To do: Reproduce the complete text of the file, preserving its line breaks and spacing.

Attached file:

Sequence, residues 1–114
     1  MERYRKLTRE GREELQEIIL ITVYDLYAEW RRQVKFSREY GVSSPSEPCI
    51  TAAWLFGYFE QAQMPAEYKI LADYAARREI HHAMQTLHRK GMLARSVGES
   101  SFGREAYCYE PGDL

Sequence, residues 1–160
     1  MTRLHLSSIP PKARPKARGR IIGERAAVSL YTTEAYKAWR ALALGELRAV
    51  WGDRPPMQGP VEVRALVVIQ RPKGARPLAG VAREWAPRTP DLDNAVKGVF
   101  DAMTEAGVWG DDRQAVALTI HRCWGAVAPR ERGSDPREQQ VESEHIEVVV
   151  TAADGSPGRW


Sequence, residues 1–114
     1  MERYRKLTRE GREELQEIIL ITVYDLYAEW RRQVKFSREY GVSSPSEPCI
    51  TAAWLFGYFE QAQMPAEYKI LADYAARREI HHAMQTLHRK GMLARSVGES
   101  SFGREAYCYE PGDL

Sequence, residues 1–160
     1  MTRLHLSSIP PKARPKARGR IIGERAAVSL YTTEAYKAWR ALALGELRAV
    51  WGDRPPMQGP VEVRALVVIQ RPKGARPLAG VAREWAPRTP DLDNAVKGVF
   101  DAMTEAGVWG DDRQAVALTI HRCWGAVAPR ERGSDPREQQ VESEHIEVVV
   151  TAADGSPGRW